Roselyon School in Par Cornwall now destroyed by fire

 

A Cornish school has become the latest victim of arson attacks on school buildings. Although no longer used for educational purposes the building served the community as a holding space for recycled furniture and household equipment, which would ultimately benefit less well off members.

The fire was reported at 11 pm on Friday the 27th of December and residents were reported as using every means at their disposal to contain the fire and keep it from reaching nearby residential properties. One resident said: “There were residents using buckets of water, throwing it over sheds and the hedge to keep it damped down. One young man with a garden hose was trying to keep down and away from houses and sheds until the firemen turned up.”

 

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Five fire crews backed up by support vehicles Crews from Fowey, St Austell, Lostwithiel and St Dennis along with a whole-time officer and an incident command unit from Launceston and operational support vehicle from St Austell were at the scene until the early hours finally bringing the incident under control at around 2 am.

In 2010 it was reported that in the previous two years there had been over 3000 incidents of arson attacks on school buildings, at the time Michael Gove who was then the shadow schools secretary was quoted as saying “The large number of arson attacks, on top of all the other problems in schools, is deeply worrying.”

The current rate for deliberately started school fires is suggested to be 2700 per year.

Zurich Municipal who insure 50% of the UK school buildings carried out an inspection spanning two years and found that 67% of English Schools were rated as having poor fire protection provision, only 5% were classed as excellent, compared to a much higher 29% excellent rating for Scottish Schools.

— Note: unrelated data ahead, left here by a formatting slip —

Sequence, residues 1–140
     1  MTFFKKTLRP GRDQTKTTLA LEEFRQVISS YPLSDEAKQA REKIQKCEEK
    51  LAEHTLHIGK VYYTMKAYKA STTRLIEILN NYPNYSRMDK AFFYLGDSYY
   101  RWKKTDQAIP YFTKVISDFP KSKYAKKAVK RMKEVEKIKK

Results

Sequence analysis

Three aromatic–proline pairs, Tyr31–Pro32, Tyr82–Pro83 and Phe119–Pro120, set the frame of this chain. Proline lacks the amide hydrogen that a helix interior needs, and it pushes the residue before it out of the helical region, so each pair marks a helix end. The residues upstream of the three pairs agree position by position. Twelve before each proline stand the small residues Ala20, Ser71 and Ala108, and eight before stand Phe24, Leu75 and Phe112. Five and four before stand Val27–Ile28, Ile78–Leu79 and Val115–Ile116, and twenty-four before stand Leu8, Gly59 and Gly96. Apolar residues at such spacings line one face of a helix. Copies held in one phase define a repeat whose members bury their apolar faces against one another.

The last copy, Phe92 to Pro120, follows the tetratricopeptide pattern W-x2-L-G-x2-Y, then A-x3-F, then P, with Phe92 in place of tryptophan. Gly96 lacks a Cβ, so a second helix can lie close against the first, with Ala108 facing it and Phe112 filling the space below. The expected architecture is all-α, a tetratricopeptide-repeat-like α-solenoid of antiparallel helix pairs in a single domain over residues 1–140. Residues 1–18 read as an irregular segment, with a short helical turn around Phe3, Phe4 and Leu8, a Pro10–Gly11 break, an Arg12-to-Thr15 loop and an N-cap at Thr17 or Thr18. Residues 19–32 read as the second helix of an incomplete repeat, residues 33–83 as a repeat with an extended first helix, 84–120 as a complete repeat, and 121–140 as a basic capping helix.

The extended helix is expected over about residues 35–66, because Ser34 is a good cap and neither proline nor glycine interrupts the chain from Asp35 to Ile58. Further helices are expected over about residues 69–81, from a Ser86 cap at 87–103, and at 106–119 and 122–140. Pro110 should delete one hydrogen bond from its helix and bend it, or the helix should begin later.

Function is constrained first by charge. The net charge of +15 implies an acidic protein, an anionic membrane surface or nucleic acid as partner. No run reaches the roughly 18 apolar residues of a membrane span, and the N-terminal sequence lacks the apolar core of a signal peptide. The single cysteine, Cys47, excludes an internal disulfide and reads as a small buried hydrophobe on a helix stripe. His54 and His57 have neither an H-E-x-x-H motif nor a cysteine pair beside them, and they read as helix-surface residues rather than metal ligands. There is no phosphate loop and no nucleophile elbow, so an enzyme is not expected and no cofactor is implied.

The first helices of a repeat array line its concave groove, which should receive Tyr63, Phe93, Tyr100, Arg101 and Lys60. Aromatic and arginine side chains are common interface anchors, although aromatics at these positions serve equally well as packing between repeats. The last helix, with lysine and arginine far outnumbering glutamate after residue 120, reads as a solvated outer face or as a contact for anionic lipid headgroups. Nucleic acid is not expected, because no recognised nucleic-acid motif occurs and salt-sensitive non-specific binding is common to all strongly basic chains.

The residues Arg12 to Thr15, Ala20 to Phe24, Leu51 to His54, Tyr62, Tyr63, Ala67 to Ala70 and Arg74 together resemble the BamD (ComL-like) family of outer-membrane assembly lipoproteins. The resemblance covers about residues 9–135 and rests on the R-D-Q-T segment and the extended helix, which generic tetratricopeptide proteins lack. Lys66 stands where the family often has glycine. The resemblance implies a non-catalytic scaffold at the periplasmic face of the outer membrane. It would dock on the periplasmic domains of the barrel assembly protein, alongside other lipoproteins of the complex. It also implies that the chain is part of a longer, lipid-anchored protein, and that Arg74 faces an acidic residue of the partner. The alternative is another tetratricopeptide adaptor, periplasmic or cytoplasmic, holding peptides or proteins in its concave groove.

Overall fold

This difference may be attributed to the fact that in Scotland all new schools and those undergoing major refurbishment have a legal directive to fit sprinklers. In England it is advised but no mandatory. Fewer that one in six new schools in England have been built with a sprinkler system installed.

The Zurich inspections included evaluating the overall combustibility of the construction as well as fire detection systems and smoking controls. As a result of the findings Zurich wrote to the Government in September 19 calling for urgent action to address the problem.

Tilden Watson, the head of education at Zurich, said: “A change in government legislation to make sprinklers in schools mandatory not only protects children while they are in school, it often contains the fire to the room it starts in when it happens out of school hours.

“Not only does this minimise the level of damage caused, it also negates the aftermath, which often leads to months or even years of disruption for children’s education while the school is repaired.”

Andy Dark, the assistant general secretary of the Fire Brigades Union, said: “We’ve made it clear in the past that newly built schools and other high-risk buildings should have sprinkler systems and we fully support Zurich Municipal’s call on the government to change the law to make them mandatory.

“Ideally, sprinklers would be fitted in all schools of whatever age and size. Sprinklers can assist in limiting the spread of fire, the damage it will cause and giving occupants additional time to escape, as well as reducing the risks faced by fire-fighters attending the incident.”